After we had practiced the melody and the base rhythm, we were taught how to smoothly transition between players, without a break in the song. As we watched the group, along with all their regular students, play last summer at the Earth celebration, they continuously switched players, without a break for nearly a half hour. They each played the melody rhythm about 5 times, and then another member would step in to take their place. When you watch them do it, it appears quite simple, but it is a little more difficult when you actually try it. The ji-uchi player switches out first. The new player backs in and takes over the rhyth, as the first player moves out of the way. The melody player is a little trickier. S/he pulls in the right foot towards the end of the phrase, kneeling down on the right knee. The last two notes before getting out of the way, the left foot is moved back, making an opening for the new player to step in. Most workshop attendees never quite got the hang of it, including myself.

Now we had learned the melody, the base rhythm, and how to transition between players, so we spent some time rotating around the room between two taikos so that Mr. Tsumura had a chance to watch each of us and give us a little bit of individual commentary.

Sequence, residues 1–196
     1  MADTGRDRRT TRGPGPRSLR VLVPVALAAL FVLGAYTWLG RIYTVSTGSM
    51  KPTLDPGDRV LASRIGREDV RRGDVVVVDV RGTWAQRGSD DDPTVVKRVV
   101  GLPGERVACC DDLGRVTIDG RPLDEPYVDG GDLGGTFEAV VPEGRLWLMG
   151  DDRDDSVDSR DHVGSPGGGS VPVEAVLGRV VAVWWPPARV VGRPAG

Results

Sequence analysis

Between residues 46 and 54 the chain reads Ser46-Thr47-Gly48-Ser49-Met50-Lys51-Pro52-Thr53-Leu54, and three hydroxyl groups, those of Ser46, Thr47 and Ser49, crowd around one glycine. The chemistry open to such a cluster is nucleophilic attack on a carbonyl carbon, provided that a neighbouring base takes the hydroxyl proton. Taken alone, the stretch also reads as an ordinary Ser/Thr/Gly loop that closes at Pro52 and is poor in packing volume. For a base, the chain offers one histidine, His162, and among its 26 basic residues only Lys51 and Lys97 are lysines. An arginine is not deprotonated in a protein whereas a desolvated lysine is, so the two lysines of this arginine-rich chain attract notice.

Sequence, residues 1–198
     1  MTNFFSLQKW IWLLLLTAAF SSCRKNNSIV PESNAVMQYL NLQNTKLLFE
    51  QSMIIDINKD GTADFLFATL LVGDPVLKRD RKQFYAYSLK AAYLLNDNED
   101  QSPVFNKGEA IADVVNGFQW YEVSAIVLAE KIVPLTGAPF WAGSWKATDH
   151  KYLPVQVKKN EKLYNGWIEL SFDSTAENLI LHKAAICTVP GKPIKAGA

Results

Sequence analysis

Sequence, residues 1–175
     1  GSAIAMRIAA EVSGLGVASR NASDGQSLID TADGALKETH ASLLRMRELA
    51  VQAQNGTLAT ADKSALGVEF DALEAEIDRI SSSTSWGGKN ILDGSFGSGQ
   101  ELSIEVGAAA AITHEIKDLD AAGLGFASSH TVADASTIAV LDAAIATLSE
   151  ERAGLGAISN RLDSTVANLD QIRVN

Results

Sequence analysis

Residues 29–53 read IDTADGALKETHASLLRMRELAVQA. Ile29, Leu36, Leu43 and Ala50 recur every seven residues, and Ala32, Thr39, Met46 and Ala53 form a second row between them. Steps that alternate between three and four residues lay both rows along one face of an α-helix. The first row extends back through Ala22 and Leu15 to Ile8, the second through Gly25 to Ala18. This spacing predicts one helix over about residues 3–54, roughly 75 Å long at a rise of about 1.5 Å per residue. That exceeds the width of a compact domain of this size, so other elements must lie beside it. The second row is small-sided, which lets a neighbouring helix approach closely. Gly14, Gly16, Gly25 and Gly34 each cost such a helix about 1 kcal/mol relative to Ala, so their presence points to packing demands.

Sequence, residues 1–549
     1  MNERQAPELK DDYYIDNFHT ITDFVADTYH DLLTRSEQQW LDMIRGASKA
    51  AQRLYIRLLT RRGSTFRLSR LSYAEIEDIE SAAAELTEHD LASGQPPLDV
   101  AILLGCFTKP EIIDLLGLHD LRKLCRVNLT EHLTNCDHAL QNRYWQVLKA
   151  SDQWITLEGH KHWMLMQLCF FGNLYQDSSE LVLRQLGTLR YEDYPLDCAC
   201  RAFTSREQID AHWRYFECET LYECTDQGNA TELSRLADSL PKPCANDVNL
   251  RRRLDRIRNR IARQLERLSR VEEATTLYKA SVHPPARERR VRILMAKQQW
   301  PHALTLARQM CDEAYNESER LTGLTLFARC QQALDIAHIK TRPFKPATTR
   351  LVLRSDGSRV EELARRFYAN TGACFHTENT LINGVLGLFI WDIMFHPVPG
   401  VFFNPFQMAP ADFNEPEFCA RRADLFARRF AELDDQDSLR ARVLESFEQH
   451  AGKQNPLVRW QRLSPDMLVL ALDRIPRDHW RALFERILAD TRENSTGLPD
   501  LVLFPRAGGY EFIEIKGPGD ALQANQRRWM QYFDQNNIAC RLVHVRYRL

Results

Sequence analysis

The next thing to learn was speeding up. After playing the melody for awhile, someone usually decides to pick up the tempo, until it gets ever so fast, and finally the vocals come in again, and it slows back down. This is not so technically difficult, it simply involves listening to the base rhythm, and following that as it speeds up. The physical aspect is another story, though. The squating position of Miyake style and the moving back and forth is already strenuous, and when it speeds up it becomes even harder to do. With practice, though, I'm sure that those muscles build up and it gets a little easier. The musical point Mr. Tsumura made here was that the tempo should not start slow and gradually speed up, but rather, it starts slow, and stays slow until a certain person decides to go into the accelerando. Still, you don't play faster and faster as you play the melody, but rather you up the tempo each time you start the melody anew. Even then, it followed some sort of pattern like this: 1st time speed up, second time, speed up again, third time maintain tempo, fourth time, speed up, fifth time, speed up. Mr. Tsumura said that these sudden jumps in tempo, as opposed to gradual ones, make it clearer that you are not just getting faster and faster because you cannot keep a tempo, but rather because it is part of the music. Personally, I like the effect of the tempo jumps better as well.